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Logarithm Formula
Logarithms are commonly employed in mathematical and scientific operations. It facilitates the solution of difficult problems with variable exponents. Many physics derivations are only conceivable because of the Logarithm Formula. A logarithm is the inverse of an exponential computation process. Logarithms are frequently used in Physics, Chemistry, Biology, Computer Science, and other fields. Students may even locate logarithmic calculators, which have greatly accelerated and simplified their calculations. These have several uses in surveying and celestial navigation. This article will help students comprehend the notion of the logarithm. Students will look at numerous Logarithm Formula in Mathematics, along with examples and applications.
Students must completely study each of the Logarithm Formula, as well as comprehend the definitions of all themes and subtopics. Understanding the fundamentals of the Logarithm Formula is critical for better preparation. The greatest method to comprehend the fundamental ideas of Mathematics is to solve questions. Students should start with the easier questions and work their way up to the more difficult ones. Before commencing their preparation for Mathematics, students must become acquainted with the Logarithm Formula. The Logarithm Formula is required in order to devise a strategy for studying the Logarithm chapters.
What is a Logarithm?
The logarithm is just another means of representing exponents, and it may be used to solve problems that cannot be solved with only exponents. It is not difficult to comprehend logarithms. To comprehend logarithms, remember that a logarithmic equation is simply another way of stating an exponential equation. The inverse versions of the logarithm and exponent are each other. The Logarithm Formula is explained on the Extramarks website. Initially, a mathematician called John Napier invented logarithms to simplify computations, and the notion was immediately embraced by other scientists, engineers, and others.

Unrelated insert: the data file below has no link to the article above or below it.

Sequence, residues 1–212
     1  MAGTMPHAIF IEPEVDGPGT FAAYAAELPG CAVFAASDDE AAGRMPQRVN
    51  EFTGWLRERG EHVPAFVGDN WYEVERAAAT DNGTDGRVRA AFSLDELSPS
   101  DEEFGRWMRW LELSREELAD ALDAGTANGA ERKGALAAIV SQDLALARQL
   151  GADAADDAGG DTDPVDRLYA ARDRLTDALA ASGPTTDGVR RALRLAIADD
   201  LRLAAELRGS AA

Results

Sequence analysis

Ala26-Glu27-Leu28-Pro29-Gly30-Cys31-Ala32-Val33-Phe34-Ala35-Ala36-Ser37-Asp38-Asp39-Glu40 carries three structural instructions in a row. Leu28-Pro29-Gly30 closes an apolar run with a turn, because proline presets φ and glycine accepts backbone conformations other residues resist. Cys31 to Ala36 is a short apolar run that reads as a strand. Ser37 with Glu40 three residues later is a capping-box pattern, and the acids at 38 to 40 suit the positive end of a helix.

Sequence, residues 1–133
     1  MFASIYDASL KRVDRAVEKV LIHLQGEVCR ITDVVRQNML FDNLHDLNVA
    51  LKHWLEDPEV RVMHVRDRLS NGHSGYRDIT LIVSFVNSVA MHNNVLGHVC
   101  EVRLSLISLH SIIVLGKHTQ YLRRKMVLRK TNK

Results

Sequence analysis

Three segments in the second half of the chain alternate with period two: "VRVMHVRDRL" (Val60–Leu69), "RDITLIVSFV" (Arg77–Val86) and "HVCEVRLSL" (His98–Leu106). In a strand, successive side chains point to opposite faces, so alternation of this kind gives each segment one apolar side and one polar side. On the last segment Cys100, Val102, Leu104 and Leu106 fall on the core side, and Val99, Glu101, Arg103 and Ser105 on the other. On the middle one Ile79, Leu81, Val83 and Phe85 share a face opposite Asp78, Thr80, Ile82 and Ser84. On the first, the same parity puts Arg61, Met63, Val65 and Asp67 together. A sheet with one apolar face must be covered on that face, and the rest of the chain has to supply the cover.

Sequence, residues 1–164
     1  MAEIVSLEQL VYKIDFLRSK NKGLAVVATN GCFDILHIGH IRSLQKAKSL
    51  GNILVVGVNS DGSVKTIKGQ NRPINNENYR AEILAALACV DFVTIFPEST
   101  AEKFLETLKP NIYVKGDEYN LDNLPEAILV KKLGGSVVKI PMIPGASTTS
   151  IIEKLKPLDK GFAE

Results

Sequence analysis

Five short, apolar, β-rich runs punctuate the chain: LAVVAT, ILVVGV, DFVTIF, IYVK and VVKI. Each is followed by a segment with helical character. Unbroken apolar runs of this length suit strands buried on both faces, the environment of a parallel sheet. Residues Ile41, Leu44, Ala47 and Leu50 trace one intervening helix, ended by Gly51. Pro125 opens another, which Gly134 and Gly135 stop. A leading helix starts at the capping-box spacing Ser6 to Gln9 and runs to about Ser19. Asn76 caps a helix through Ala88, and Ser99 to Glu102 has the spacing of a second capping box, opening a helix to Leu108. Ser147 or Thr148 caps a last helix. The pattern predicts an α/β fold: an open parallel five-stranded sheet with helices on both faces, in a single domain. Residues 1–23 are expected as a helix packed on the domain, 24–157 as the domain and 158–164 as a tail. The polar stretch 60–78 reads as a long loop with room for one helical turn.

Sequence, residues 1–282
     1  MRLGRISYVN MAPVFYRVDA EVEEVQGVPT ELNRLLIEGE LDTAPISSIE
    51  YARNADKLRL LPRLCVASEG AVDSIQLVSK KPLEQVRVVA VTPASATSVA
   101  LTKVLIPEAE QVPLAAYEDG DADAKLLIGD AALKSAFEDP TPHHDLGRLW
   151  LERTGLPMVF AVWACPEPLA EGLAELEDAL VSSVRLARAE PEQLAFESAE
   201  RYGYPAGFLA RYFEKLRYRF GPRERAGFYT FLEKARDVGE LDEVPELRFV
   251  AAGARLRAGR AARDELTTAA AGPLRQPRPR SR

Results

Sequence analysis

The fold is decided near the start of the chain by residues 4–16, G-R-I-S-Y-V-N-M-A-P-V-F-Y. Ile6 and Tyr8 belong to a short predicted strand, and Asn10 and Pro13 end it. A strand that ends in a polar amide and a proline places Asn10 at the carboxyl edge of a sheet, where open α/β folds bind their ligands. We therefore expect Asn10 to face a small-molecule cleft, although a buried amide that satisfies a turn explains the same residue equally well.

The Logarithm Formula is used in Mathematics to solve Logarithm problems. In primary school, students are taught several algebraic properties such as commutative, associative, and distributive. Logarithmic functions have five essential characteristics. Using the Logarithm Formula, they may describe the logarithm of a product as a sum of logarithms, the logarithm of the quotient as a difference of logarithms, and the logarithm of power as a product.
Logarithms Rules
There are seven Logarithm rules that may be used to expand, shrink, and solve the Logarithm Formula.
 Product Rule
 Quotient Rule
 Power Rule
 Zero Rule
 A Base to a Power Rule
 A Base to a Logarithm Power Rule
 Identity Rule
Logarithm Formulas
There are two types of logarithms: common logarithms (which are represented as “log” and have a base of 10 unless otherwise specified) and natural logarithms (which are written as “ln” and its base is always “e”). The Logarithm Formula provided here is for common logarithms. They are, however, all applicable to natural logarithms as well.
Basic Logarithm Formula
The following are some examples of basic the Logarithm Formula:
 logb (mn) = logbm + logbm
 logb (mn)= logbm logbn
 logb (xy)= ylogbx
 logbmn= lgbn1/m
 m logb(x) + n logb(y) = logb(xmyn)
Addition and Subtraction
Sometimes, but not always, it is feasible to simplify the process of adding logarithms. In general, adding logarithms with various bases does not allow for more word combinations. However, as will be demonstrated later, it is possible to combine logarithms with the same base into a single statement including the product of the parameters. In general, removing logarithms, like adding logarithms, does not allow for additional simplification. However, how to subtract logarithms will be detailed in the following section. A rule will be presented to convert a subtraction of logarithms into a combined single logarithm with the division of the inputs. Extramarks’ educators have compiled the Logarithm Formula in which all the addition and subtraction rules are provided.